Aggregate Code timing in Python

Aggregate Code timing in Python

Consolidated stats on code timing in a function

There are many ways to get how much time a function takes in Python. Here is an easy decorator implementation to check how much time a function takes.

from functools import wraps
import time

def timeit(func):
    def timeit_wrapper(*args, **kwargs):
        start_time = time.perf_counter()
        result = func(*args, **kwargs)
        end_time = time.perf_counter()
        total_time = end_time - start_time
        print(f'Function {func.__name__}{args} {kwargs} took {total_time:.4f} seconds')
        return result
    return timeit_wrapper

def my_func():
    # do stuff

This decorator can be used by decorating a function to get the time spent. What if you want to aggregate this timing data in a timeframe, like how many times this function has been called, and what the maximum time is taken, for that, we need to use a library called codetiming. Here is a sample use case:

# pip install codetiming
# pip install humanfriendly
# pip install loguru

from codetiming import Timer
from humanfriendly import format_timespan
from loguru import logger

@Timer(name="my_func", text=lambda secs: f"my_func elapsed time: {format_timespan(secs)}")
def my_func():

def get_aggregated_timings(cls):
    timed_function = "my_func"
        f"\n{timed_function} count: {Timer.timers.count(timed_function)}\n"
        f"total: {}\n"
        f"max: {Timer.timers.max(timed_function)}\n"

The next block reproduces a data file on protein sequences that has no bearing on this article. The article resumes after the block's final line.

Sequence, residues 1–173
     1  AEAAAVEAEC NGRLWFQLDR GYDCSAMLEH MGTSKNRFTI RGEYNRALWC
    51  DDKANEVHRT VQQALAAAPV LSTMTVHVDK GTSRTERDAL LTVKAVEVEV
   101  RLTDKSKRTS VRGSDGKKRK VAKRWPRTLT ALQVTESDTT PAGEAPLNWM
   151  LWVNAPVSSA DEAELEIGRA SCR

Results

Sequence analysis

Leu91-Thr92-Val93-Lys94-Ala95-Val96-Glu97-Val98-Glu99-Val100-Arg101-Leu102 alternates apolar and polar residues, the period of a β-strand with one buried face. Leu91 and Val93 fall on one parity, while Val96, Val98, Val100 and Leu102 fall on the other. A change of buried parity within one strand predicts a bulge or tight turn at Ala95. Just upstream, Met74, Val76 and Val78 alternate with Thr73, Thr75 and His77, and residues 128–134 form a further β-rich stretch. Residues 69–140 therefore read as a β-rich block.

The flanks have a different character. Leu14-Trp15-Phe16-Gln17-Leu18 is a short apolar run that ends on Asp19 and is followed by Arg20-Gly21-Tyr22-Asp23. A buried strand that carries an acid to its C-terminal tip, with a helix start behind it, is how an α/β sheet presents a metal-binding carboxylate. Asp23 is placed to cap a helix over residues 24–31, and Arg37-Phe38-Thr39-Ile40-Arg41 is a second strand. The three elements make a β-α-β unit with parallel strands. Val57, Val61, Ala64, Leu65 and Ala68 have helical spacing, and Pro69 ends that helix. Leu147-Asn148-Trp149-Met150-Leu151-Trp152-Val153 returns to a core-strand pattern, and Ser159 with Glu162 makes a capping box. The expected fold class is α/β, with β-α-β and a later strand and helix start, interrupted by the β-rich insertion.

f"min: {Timer.timers.min(timed_function)}\n"
        f"mean: {Timer.timers.mean(timed_function)}\n"
        f"standard deviation: {Timer.timers.stdev(timed_function)}\n"
        f"median: {Timer.timers.median(timed_function)}\n"
    Timer.timers.clear()  # clears all the timer data

This will find the aggregated time spent by my_func. Let's go through what each one of them will log:

  • count: Number of times the function has been called.
  • total: Sum of all the seconds elapsed in the function
  • max: Maximum time spent on a single flow
  • min: Minimum time spent on a single flow
  • mean: The average of all the time spent on that function
  • median: The median of all elapsed time
  • stdev: The standard deviation of all elapsed time

At the end Timer.timers.clear() clears the data stored In memory and starts from fresh for the next iteration.

Do you want to use an in-memory LRU cache with a timeout, you may check out this article:

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